We have done an advent calendar for the past three years with the kids. We have one of those little wooden houses with 25 doors and windows that open, which we picked up one year after Christmas in the huge discount sales. Nothing, other than a note, fits in those little spaces… not even Hershey’s Kisses. Which is kind of OK with me because we don’t like to do candy every night.
I’ve seen a lot of suggestions for non-candy advent calendar items. Since this is going to be our fourth year with our calendar, I’ve got some that have worked well for us and that we plan on doing this year. We put notes in there and let the kids open and find out what it says. We draw pictures so non-readers can get in on the excitement. Here goes:
- Hot cocoa (and/or popcorn) and a movie (we’ve done the animated Grinch with good success)
- Ornaments (I usually buy a few in the sale the year before and then I have them set aside, that way they can hang them on the tree that night)
- Christmas crafts (think clothespin reindeer, salt dough (or these “better than salt dough”), or even something the kids can make to give away, like handprint ornaments)
- Coloring page or printable (if there is a theme I want with coloring pages, I usually just google “free Christmas coloring page”)
- Stickers (usually I buy just one sheet/book of stickers and cut them up so I get several days worth out of it)
- Outing to look at Christmas lights (pile in the car, play seasonal music, spot lights = awesome fun!)
- Books – you just can’t go wrong with books!
- Face paints – admittedly this may be aimed at the younger ones. Invest in a palate of face paints (I got mine for less than $20 on Amazon and they’ve lasted for more than a year, with tons of faces painted) and treat the kids to a snowman on their cheek. Poinsettia, snowflakes, Christmas trees, wreaths, gifts, and so on are all fairly easy to draw.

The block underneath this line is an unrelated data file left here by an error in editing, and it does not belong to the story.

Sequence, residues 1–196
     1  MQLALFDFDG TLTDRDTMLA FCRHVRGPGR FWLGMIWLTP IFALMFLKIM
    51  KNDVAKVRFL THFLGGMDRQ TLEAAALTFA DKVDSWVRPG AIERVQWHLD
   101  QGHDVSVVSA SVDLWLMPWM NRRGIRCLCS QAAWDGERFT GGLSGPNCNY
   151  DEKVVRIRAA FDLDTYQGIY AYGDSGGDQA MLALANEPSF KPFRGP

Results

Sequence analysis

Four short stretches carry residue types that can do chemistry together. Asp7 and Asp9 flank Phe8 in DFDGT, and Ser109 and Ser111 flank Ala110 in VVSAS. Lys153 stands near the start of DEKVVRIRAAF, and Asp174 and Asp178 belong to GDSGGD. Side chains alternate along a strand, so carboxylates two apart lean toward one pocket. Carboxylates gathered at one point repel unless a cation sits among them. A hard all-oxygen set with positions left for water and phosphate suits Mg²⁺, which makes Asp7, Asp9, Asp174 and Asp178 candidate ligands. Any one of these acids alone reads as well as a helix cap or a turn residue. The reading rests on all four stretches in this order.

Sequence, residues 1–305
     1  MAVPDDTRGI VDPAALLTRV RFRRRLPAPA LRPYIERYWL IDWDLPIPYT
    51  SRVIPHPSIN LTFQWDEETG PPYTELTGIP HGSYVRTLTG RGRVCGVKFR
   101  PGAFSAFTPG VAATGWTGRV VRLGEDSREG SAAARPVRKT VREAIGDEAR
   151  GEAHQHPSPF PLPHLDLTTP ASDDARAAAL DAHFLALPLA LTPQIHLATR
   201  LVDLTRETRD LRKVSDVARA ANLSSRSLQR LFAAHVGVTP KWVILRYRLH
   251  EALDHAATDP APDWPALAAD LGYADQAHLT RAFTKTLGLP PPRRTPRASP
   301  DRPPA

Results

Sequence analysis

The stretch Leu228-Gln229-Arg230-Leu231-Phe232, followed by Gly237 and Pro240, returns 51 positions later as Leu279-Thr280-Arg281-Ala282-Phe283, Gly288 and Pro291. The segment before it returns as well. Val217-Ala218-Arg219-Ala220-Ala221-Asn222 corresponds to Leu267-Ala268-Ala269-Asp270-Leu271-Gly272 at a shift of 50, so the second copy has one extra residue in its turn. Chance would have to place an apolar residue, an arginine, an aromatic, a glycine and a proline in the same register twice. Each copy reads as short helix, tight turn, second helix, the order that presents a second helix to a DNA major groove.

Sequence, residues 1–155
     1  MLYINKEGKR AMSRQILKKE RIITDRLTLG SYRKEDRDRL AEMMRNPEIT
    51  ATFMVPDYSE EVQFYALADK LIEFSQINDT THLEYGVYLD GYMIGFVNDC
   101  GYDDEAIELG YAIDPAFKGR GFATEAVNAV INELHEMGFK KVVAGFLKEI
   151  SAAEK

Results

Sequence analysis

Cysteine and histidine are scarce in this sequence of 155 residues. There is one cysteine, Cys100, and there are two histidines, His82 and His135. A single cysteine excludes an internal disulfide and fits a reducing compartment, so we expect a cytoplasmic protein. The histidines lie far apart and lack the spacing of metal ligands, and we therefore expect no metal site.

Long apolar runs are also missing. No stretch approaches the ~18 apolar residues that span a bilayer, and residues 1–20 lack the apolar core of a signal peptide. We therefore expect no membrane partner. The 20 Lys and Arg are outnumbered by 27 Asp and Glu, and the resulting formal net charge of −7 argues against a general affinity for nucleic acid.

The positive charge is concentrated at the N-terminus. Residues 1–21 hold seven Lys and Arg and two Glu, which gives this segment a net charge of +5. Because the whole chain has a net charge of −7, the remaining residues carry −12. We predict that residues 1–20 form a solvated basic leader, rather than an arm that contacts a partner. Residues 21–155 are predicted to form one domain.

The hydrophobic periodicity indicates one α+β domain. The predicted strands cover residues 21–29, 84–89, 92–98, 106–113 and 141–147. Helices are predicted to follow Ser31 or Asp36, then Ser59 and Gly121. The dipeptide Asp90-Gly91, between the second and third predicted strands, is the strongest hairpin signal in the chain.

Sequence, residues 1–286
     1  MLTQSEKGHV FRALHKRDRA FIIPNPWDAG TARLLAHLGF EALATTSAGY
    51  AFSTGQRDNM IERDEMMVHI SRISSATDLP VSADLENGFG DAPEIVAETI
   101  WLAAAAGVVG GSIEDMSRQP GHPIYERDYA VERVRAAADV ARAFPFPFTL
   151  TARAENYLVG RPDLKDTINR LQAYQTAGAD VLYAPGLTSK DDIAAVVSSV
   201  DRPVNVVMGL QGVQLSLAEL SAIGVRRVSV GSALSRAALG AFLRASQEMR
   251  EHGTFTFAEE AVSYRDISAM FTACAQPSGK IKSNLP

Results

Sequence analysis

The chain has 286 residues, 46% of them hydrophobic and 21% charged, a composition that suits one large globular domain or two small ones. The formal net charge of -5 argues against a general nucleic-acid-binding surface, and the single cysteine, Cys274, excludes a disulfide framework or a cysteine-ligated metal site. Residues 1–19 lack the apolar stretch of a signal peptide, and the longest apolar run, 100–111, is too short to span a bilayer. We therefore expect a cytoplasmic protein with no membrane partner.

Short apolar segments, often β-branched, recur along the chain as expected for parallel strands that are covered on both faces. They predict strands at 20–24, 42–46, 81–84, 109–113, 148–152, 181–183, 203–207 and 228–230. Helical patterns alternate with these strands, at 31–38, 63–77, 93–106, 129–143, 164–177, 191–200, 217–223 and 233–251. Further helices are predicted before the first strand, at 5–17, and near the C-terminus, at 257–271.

- Special events (we do a local “Santa Train” each year and it becomes our advent event for the day)
- Donate to Toys for Tots (or another charity) – depending on the rules for charities, have your kid pick out something from their own toy box to donate or take them shopping to choose something for donating
- Baking cookies (most kids love baking, plus it’s a sneaky teaching moment with all that math and following instructions and so on).
- Christmas photos (dress up or don’t, but snap some pics of the kids by the tree or in the snow or take them to see Santa or popping out of a wrapped box – whatever strikes your fancy – use them for ornament crafts, Christmas or New Year cards, frame them in fun frames to decorate your kids’ rooms).
- Decorate your kids’ rooms – we don’t generally decorate in their bedrooms because they’d just pull it all down, but letting them have a few decorations they can play with (or hung up high enough that they can’t reach them) can make their space feel so special.
- Go caroling – if you don’t want to carol around your neighborhood, how about friends and family? Or you could go to a hospital or home for the aging (call ahead to make arrangements). Another option is to Skype carol if your family isn’t nearby. Dress up, where fun hats and spread Christmas cheer by “singing loud for all to hear!”
- Nature walk crafts: winter walk findings can make excellent decorations. Pine cones, leaves, branches (bare or pine), and lots of other wintery items are great for centerpieces, wreaths, or on their own. You can leave them natural or spray them silver or gold, or add sparkle with glue and glitter.
- Make this a “Spread Cheer” day – challenge yourselves to spread cheer. Pay a toll for the car behind you. Take donations to local shelters (blankets and food or even towels and milk bones to an animal shelter – check in advance). Simply hand out candy canes or other small tokens to people you pass with a smile and a message of “Peace on Earth” or “Joy to the World” attached.